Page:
After the resignation of Diocletian and Maximian on May 1, 305, Constantius and Galerius himself became Upper Emperor ( Augustus ) and apparently assumed the position of the ruler who had the last word in case of doubt ( senior Augustus ). In the same year he began a campaign against the Picts and Scots north of the Britannian Hadrian's Wall , in which his son Constantine accompanied him. As early as January 306 he was able to call himself "Britain Winner" again. In 306 (probably at the end of July) Constantius died in Eboracum (today's York ). He was buried a little later in a mausoleum in Trier ( Augusta Treverorum ) near today's St. Maximin Church. The British troops now proclaimed his son Constantine to be his successor; this happened possibly under the influence of the Alemannic prince Chrocus , who had served under Constantius. The rise of Constantine was the beginning of the end for the multi-imperial model devised by Diocletian, which did not provide for a dynastic succession to the throne, but which was popular with the troops. Whether Constantius himself dressed his son in purple on his death bed, as Eusebius of Caesarea later wrote, is unclear and controversial in research.
The Roman border fort Constantia on Lake Constance , existing since the beginning of the 4th century, was probably named after Constantius and was later to become the nucleus of the city of Constance . (Other researchers assume that the fortress was founded around 300, but assume that the name derives from Constantius' grandson of the same name, Constantius II , who was on Lake Constance in 355.)
Constantius I is considered to be the founder of the Constantinian dynasty (until 363). He had lived with the landlady Helena for about 270 years , a marriage between the two is very unlikely (see above). Helena gave birth to Constantius a son, Constantine . In 289 or earlier, Constantius married Theodora , the stepdaughter of the tetrarch Maximian - a means of ensuring cohesion within the tetrarchy (see above). Theodora gave her husband a total of six children: the three sons Julius Constantius , Flavius Dalmatius and Flavius Hannibalianus and the daughters Constantia , Anastasia and Eutropia . This family history resulted in a certain division between the family branch of Helen or Constantine and that of the children of Theodoras. Even Julian , the son of Julius Constantius, accused Constantius II , the son of Constantine, not entirely unjustly, that he came from an illegitimate relationship, because his father was born out of wedlock and should therefore not have become emperor.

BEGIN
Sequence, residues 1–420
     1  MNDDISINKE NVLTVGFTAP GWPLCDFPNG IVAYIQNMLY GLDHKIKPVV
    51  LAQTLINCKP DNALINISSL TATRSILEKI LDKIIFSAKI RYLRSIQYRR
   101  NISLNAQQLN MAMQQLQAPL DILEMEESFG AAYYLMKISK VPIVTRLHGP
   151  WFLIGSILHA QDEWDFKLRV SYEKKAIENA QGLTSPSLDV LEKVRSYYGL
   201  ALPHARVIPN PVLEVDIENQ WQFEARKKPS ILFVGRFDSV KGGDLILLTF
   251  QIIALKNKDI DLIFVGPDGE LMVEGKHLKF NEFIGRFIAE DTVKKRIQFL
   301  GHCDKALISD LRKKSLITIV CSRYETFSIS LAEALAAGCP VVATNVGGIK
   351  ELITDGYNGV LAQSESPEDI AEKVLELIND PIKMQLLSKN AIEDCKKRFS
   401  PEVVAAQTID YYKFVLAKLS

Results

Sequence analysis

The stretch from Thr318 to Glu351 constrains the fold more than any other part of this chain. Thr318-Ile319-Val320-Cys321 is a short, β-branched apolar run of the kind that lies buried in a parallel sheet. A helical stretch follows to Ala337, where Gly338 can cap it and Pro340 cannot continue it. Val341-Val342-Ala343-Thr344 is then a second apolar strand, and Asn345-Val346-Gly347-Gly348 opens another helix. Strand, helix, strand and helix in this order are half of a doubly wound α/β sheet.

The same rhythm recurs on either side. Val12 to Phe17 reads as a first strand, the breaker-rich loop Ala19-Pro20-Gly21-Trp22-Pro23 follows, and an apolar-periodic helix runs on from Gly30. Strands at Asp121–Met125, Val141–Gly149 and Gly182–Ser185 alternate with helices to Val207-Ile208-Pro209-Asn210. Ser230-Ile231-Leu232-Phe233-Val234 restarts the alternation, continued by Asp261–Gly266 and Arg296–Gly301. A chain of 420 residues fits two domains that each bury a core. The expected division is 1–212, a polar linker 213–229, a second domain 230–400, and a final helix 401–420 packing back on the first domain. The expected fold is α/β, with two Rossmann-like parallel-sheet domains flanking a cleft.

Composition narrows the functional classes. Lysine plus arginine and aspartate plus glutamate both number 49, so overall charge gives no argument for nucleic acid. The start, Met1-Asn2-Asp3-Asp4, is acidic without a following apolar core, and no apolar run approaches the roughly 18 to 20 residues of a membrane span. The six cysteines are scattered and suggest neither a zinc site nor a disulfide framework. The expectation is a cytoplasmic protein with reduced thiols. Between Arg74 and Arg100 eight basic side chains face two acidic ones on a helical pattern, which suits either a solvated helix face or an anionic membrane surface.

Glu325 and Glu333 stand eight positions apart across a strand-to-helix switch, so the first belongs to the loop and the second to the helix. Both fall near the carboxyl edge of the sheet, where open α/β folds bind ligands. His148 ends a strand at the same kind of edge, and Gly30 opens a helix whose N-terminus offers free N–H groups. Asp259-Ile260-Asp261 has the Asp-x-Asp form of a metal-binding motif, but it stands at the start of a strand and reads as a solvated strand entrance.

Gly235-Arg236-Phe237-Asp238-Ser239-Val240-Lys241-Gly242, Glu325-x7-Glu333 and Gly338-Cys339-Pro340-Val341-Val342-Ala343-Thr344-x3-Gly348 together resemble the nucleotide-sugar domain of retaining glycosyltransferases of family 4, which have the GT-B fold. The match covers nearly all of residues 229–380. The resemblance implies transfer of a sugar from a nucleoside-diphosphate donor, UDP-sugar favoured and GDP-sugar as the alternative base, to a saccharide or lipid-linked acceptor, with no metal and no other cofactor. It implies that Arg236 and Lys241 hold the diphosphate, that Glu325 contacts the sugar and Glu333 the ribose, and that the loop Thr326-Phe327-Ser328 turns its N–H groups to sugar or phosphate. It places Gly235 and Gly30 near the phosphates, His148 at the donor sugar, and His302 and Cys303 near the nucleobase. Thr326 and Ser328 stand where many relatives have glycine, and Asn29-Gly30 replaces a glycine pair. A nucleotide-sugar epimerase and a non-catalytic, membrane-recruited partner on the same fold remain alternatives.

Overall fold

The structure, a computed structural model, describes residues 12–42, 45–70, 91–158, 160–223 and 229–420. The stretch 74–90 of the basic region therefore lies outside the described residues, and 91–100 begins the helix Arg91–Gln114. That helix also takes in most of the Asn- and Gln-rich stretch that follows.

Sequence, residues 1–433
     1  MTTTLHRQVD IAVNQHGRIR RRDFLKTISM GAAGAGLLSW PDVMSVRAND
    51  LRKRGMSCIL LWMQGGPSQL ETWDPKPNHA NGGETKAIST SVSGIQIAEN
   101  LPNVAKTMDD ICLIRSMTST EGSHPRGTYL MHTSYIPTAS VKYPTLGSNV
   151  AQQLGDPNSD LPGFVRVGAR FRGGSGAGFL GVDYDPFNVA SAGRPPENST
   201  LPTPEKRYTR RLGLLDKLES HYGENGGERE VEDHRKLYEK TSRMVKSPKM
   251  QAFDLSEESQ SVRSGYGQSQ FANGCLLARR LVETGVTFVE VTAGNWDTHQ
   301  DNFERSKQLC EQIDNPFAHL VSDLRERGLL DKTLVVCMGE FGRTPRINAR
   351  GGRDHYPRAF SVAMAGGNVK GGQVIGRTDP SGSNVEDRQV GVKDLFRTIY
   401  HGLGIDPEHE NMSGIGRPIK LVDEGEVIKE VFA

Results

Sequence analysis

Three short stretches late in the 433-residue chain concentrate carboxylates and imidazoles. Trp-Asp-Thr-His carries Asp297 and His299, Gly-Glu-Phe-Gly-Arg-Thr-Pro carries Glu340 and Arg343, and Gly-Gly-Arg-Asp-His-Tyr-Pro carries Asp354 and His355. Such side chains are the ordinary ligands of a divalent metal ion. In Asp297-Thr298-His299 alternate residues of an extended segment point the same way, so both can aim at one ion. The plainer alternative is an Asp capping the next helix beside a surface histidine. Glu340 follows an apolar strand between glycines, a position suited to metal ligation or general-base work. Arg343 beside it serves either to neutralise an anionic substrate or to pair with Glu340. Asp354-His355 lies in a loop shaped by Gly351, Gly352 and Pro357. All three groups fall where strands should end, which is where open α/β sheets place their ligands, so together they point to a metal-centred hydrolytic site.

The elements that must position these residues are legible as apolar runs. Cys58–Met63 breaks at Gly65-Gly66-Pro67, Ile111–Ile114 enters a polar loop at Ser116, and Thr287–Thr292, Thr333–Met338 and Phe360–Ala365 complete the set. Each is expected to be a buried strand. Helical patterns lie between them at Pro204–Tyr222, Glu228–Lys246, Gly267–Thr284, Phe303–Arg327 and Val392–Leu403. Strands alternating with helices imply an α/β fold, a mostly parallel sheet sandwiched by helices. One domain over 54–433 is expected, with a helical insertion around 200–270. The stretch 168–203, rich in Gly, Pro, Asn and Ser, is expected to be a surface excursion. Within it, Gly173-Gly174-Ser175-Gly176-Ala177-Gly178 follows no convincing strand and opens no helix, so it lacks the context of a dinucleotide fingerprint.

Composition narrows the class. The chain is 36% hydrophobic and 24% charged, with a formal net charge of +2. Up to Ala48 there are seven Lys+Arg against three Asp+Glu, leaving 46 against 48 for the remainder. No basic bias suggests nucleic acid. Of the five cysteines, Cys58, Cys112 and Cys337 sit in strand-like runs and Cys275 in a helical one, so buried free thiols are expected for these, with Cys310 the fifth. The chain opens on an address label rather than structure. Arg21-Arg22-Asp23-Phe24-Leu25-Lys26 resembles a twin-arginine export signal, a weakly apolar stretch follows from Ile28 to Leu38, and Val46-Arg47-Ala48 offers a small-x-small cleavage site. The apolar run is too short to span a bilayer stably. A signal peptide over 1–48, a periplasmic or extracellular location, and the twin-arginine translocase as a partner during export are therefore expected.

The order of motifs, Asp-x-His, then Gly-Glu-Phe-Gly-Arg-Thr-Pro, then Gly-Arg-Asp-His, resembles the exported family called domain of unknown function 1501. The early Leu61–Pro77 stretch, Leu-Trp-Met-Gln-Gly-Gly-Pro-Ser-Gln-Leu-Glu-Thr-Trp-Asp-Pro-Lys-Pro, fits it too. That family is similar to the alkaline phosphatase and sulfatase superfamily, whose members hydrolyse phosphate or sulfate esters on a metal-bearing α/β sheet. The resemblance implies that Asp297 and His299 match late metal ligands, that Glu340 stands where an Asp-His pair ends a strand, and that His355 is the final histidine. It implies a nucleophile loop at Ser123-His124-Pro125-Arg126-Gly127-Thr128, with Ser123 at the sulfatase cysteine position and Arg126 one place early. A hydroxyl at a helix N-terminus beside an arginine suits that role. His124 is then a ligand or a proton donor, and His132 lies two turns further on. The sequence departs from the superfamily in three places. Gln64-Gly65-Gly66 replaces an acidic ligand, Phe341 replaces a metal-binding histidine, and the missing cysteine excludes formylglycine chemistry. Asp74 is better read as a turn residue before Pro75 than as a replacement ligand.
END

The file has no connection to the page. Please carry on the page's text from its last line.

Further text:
- Arnold Hugh Martin Jones , John Robert Martindale, John Morris : Fl. Val. Constantius 12. In: The Prosopography of the Later Roman Empire (PLRE). Volume 1, Cambridge University Press, Cambridge 1971, ISBN 0-521-07233-6 , pp. 227-228.
- Dietmar Kienast : Roman imperial table. Basic features of a Roman imperial chronology . 2nd Edition. Wissenschaftliche Buchgesellschaft, Darmstadt 1996, ISBN 3-534-07532-3 , pp. 280-282.
- Ingemar König : The calling of Constantius Chlorus and Galerius to Caesars . In: Chiron . tape 4 , 1976, p. 567-576 .